My parents discovered the car in Philadelphia, near my grandparents’ home.  It was parked on a city street along with other old cars.  The owner loved antique cars, but did not have a garage, therefore they were lined up on both sides of the street.  My father found out who owned the Met, but the man was not interested in selling it.

A few years went by and my father got a call from the man’s wife that her husband had taken a stroke and now wanted to sell the Met. When we met the owner at his house, he introduced himself as “Joe-read the paper” We asked how did he get that unusual name.  He told us that his parents had been born in Italy, and couldn’t read English.  Every day they said “Joe-read the paper” and the name stuck with him ever since.

The car was purchased in 1989 and underwent a ground-up restoration, and winning many first-place trophies, including an AACA Senior award. My husband, Howard, and I still own the car and plan on taking it to the AACA Grand National meet at the NB Center this summer.

Nash-Kelvinator Corporation merged with Hudson Motor Car Company and became American Motors Corporation in 1955. American Motors produced 15,317 Metropolitans in coupe and convertible form during1957, of which 11,791 were sold in the United States.  It has a 52 horsepower Austin engine and gets 40 miles to the gallon.  It has been a fun car to own for over 30 years.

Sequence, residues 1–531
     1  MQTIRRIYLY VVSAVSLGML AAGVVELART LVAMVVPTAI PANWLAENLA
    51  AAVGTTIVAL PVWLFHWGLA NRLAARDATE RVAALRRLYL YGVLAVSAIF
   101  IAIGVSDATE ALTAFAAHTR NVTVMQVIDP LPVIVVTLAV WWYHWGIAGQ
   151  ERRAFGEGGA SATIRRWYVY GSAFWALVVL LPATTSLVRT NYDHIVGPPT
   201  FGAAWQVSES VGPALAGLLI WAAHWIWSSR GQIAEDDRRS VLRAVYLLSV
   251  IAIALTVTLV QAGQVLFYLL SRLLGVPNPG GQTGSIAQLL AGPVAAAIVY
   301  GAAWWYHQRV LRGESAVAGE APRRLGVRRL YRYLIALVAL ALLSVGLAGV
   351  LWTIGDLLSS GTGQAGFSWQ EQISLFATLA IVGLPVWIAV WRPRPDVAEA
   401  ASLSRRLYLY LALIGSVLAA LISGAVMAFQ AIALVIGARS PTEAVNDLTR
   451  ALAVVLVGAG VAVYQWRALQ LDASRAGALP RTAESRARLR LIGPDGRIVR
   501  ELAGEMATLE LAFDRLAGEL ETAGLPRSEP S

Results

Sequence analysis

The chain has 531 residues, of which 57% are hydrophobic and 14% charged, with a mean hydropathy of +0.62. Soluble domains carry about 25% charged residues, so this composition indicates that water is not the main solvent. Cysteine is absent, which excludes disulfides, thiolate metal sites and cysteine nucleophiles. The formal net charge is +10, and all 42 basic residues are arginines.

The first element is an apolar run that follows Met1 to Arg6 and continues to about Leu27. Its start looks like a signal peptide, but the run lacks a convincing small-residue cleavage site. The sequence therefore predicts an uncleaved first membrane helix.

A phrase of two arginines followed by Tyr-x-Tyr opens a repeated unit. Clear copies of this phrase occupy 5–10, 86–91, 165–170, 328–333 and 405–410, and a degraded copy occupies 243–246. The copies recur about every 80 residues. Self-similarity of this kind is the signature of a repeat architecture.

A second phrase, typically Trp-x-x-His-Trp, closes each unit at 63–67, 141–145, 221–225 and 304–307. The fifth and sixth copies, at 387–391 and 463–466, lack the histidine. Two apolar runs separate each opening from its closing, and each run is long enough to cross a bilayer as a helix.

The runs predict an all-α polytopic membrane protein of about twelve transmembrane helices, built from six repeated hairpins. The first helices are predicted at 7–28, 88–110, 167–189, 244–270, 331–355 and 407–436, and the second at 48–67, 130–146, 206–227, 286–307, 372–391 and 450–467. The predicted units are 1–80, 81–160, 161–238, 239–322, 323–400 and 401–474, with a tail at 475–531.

By Bonnie Schorr

The Lincoln Highway

A few years ago, Elsa and I travelled across Pennsylvania on the Lincoln Highway (Route 30). This article describes the history of the Lincoln Highway.

The Horseless carriage rolled onto the American landscape in the 1890’s, and by 1910 there were 450,000 registered automobiles, but no public road system.  In 1913, Carl Fisher, the man who built the Indianapolis Speedway in 1909, and other auto industry leaders, formed the Lincoln Highway Association. The purpose was to create a direct coast-to-coast automobile route.  The Association’s first official act was to draw up a 3,389-mile,14-state continuous route from Times Square in New York City to Lincoln Park in San Francisco. The road was completed in 1915, and its imperfect conditions were improved over the next few years.